Relaxing and touring through the Blue Coast

The city benefits from climate that is protected by proximity to the Alps — smooth winds, high temperatures and a turquoise blue sea. The Promenade des Anglais, a long seaside walkway, invites people to spend pleasant afternoons and enjoy the moderate Mediterranean climate with its year-round sunshine. Note that Nice’s beaches are rocky, not sandy, which means you will need proper chairs. The water however, is always at the right temperature.

Most beaches are public, the most famous being the Plage Publique des Ponchettes near the historic centre. There are, however, many private beaches, some of which can be accessed by paying for entry (which may also give you the right to your own umbrella and one of Nice’s famous blue sunbeds). In most beaches, activities like beach volley, pedal boats rides, jet skiing and boat tours are available.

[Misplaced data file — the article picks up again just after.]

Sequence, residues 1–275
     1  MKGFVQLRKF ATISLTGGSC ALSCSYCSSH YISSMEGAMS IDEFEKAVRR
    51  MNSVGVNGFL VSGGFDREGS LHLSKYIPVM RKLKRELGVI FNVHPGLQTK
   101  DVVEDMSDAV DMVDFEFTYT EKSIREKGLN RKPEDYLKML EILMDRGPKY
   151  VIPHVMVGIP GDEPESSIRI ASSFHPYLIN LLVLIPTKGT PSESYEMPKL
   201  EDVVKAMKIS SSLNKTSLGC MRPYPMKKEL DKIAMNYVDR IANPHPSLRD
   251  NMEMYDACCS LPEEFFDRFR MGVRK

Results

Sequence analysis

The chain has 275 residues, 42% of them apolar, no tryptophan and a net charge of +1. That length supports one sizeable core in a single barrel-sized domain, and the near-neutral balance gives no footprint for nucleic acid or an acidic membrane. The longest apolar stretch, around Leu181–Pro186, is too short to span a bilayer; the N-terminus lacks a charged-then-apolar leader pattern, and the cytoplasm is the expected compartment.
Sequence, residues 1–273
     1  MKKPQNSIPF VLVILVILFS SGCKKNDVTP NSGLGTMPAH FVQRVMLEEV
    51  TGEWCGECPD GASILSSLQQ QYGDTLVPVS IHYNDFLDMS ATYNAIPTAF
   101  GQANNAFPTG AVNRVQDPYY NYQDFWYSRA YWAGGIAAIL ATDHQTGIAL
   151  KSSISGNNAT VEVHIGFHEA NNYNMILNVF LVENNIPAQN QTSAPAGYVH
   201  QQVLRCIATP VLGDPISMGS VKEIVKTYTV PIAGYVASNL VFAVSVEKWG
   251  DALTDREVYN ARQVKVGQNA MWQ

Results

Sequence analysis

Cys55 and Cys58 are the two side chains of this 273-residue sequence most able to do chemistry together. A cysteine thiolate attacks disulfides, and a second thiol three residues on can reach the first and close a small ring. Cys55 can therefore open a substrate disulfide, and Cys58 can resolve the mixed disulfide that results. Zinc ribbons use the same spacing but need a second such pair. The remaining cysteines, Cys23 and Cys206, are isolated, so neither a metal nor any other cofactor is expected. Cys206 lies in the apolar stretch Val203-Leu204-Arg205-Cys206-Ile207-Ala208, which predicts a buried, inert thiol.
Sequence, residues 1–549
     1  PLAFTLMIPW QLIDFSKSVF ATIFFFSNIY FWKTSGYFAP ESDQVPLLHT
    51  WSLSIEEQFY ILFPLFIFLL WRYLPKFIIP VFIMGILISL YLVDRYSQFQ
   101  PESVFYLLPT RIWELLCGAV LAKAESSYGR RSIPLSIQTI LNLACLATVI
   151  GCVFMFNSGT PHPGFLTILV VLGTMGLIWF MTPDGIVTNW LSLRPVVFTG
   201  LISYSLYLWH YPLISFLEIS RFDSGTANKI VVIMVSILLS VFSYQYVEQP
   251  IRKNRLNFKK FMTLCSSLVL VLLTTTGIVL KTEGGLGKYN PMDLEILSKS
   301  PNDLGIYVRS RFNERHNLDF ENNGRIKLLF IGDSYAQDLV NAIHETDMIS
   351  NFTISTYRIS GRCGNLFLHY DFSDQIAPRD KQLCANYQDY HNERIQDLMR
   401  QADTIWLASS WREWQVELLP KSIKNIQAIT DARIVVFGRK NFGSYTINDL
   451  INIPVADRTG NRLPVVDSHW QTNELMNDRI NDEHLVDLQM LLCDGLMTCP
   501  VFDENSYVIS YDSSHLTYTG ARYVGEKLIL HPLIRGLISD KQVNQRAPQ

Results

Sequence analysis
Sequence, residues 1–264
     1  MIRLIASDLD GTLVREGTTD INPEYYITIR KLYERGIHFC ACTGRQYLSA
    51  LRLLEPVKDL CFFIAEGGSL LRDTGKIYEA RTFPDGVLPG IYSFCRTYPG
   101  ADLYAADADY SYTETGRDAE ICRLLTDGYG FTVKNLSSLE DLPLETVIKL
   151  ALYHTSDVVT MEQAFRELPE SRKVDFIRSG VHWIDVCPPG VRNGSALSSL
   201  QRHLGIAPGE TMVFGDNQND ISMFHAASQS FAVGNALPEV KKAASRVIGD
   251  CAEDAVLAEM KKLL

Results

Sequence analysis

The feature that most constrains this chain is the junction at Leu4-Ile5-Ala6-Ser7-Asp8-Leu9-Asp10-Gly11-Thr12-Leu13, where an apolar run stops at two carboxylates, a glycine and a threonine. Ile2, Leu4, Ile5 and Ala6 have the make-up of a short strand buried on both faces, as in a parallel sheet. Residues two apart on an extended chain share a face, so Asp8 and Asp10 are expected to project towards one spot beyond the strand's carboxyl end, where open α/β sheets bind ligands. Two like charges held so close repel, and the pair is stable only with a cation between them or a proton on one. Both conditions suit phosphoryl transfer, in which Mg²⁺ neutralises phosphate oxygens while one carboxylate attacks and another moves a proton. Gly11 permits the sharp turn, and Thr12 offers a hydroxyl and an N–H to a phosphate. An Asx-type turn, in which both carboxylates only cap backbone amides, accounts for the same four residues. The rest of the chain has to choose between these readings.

To escape from the throngs of tourists in the city centre, nothing like a scenic cruise along the famous Côte d'Azur. Several local tourism service providers offer boat tours that will take you on a trip along the coast, with spectacular views of Nice, nearby locations such as Villefranche sur Mer or Cannes, the less urban and more natural spots and sometimes you may get a chance to peek into the luxurious estates and mansions of the area’s famous residents.
Between the old and the new Nice

In Nice, and old town co-exists with new streets and constructions fit for today’s beach tourists.

Couples searching for romance, backpacking teenagers, families, all of them head straight for the Promenade des Anglais to watch the sunset and enjoy the sea breeze while laying on a blue sunbed. In this area you will find some of the finest hotels, the city’s main museum, the Palais Massena, and Nice’s Opera.